Saturday night fever: C stayed home- his exact quote when I mentioned 80's pop music was "I'd rather nail my head to a table. Have fun." The poor Guidos who always seem to gravitate towards me and other dark headed, dark eyed women didn't understand how a man could stay home with his woman looking like THAT. It's flattering, but you know, at the same time, I just don't care about their feelings any more. I look back and wonder why I ever felt sorry for them in the first place. NOW, I understand that they were looking to dip into something luscious, they were not head over heels in love. I look back and wonder sometimes how I made it this far in one piece, to be perfectly honest. But I had a fabulous time nonetheless because the girls I was hanging with are just f$%^ing cool. We all had a wee bit too much to drink- Whiskey Sours, Buttery Nipples, Jello Shots- but we took a cab down and back, so we were smart and safe, and everyone arrived home in one piece.

Sunday I didn't wake up until 1 p.m. Something else I haven't done since, uh, I don't really remember. Sunday night, yet again- Punk Rock Rockabilly's finest, Social Distortion. Mike Ness, the band's lead singer and guitarist, although not a good looking man, has a charm all his own and they put on an even better show than they did Friday night. Charles bought me an SD tank- I'm racking up quite the collection of band tshirts these days. I'm far more of a groupie in my 30's than I ever was in my 20's. Go figure.

In my enthusiasm to repair the black studded belt I wanted to wear on Sunday night, I managed to staple my hand with an industrial stapler. Not so smart, you say- and you would be correct. I managed to fix the belt with industrial staples and duct tape- very punk rock of me, so C tells me. Apparently, so is stapling one's own hand before the show. The belt broke on the other side halfway through the Sunday night show. Oh well, easy come easy go. I prefer the easy come.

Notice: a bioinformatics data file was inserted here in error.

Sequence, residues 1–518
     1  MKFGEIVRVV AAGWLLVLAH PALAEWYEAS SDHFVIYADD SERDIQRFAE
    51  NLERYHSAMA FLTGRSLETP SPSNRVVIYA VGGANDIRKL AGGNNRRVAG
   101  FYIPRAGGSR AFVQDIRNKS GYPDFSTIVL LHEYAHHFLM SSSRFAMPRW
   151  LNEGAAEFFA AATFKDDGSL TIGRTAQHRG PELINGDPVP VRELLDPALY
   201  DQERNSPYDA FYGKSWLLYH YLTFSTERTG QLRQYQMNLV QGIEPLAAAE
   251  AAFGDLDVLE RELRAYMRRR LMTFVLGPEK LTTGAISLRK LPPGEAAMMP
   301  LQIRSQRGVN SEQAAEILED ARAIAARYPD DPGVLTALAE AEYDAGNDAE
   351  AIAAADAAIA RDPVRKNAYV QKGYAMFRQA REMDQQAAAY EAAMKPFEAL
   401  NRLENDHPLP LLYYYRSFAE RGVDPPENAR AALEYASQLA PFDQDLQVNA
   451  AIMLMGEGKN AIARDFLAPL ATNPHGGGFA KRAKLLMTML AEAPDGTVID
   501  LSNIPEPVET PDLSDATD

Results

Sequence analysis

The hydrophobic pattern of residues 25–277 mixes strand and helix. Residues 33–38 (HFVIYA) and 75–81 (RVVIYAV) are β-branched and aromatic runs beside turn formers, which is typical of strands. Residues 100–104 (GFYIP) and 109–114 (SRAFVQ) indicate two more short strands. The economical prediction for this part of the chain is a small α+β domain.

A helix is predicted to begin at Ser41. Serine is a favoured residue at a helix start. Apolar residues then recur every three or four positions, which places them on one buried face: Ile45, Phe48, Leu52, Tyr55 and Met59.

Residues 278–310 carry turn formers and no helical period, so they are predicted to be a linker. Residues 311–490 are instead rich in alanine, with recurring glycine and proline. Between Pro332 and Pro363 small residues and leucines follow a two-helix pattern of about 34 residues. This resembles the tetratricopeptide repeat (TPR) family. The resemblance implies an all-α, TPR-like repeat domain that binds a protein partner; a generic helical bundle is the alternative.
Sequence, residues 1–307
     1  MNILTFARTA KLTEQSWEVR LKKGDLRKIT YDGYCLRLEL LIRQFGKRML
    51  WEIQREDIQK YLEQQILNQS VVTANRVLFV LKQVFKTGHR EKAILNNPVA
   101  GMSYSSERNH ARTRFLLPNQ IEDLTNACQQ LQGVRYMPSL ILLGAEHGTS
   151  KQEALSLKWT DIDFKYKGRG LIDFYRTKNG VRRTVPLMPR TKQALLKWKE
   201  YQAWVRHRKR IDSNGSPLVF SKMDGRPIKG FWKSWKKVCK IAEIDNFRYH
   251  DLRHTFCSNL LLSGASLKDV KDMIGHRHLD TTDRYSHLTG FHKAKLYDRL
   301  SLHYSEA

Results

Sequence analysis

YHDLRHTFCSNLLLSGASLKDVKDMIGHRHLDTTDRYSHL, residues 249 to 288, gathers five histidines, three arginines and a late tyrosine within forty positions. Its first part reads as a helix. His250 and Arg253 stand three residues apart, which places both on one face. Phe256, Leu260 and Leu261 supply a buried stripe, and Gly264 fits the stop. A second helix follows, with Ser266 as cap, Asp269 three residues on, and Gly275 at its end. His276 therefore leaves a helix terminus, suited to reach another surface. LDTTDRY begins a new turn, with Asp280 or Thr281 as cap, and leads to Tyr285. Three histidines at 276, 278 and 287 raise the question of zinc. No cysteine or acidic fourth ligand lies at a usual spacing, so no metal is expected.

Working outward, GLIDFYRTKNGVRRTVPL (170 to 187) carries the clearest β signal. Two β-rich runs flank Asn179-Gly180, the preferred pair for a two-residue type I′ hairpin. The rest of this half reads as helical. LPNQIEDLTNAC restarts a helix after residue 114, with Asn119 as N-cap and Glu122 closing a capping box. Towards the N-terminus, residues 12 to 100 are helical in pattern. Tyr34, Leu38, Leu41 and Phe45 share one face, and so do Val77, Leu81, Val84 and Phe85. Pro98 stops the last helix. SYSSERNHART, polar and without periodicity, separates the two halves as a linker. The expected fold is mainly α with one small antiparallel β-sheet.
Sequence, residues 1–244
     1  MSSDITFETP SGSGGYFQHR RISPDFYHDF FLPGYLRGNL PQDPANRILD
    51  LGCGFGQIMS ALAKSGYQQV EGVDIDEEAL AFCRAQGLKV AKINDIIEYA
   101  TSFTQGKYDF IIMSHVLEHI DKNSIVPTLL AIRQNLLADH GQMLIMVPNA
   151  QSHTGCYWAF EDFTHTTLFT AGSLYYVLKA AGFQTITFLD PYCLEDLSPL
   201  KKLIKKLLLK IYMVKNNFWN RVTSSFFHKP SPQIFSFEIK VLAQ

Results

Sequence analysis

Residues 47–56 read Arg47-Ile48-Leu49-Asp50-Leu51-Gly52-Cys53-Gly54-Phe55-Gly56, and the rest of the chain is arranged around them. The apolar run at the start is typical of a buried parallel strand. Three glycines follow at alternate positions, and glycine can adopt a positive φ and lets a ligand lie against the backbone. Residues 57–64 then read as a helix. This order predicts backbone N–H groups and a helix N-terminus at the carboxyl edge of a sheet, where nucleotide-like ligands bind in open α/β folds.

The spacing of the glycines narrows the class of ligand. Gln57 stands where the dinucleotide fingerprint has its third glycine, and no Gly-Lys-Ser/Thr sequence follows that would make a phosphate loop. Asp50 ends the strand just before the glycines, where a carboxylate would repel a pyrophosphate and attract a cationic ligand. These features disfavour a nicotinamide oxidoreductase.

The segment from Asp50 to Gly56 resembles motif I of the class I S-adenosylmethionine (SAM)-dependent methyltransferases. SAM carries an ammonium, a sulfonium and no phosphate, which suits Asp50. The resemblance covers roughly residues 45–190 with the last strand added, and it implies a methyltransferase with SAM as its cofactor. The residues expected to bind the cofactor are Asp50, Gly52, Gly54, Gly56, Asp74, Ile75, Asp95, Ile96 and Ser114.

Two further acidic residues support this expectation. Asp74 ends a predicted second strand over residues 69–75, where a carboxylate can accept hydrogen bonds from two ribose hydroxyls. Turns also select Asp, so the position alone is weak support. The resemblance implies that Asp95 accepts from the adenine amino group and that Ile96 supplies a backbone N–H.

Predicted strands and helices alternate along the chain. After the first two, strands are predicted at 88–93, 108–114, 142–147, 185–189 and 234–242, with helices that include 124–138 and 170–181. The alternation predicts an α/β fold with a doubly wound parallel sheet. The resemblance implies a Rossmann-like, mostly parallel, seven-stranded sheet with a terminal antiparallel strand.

They put on a great show, although it was a little shorter this time because Jannus Landing has to adhere to a strict noise curfew- 11pm, or they get heavy fines from the city. Sister in law was there- a woman who has known me for fourteen years. Who KNOWS that I cannot stand to be tickled. And YET. I was, in my sheer joy at listening to great live rocknroll, standing on tip toes screaming at the top of my lungs, my tshirt free from my belt and belly bare, hands in the air. S-i-L reached over and began to tickle my belly. AARRRRGH. I have little impulse control these days when it comes to people putting unwelcome hands on me- related by marriage or not.

I grabbed her wrist and using a little remembered jui jitsu, dug my fingers into that soft flesh just inside the arm and looked her right in the eye and shook my head. I let go pretty quickly, only wanting to make a point, not hurt. It was too loud for words, but I think she may have finally gotten the idea. After over a decade of my telling her over and over and overagain that I didn't find tickling amusing- being held down as a child and tickled until you pee yourself by a cruel aunt will cure you of that right fast- I finally associated my emphasis with physical pain. Did I make my point? I certainly hope so. Perhaps the next time she thinks to reach over and poke my ribs or belly, she will remember the pinch I put on her at a punk show and stop before her hand goes any further. Because next time I'm leaving marks.


Keeping my promise

Great Egret- March 1, 2005: taken while driving on Barcelona Drive to my afternoon shift.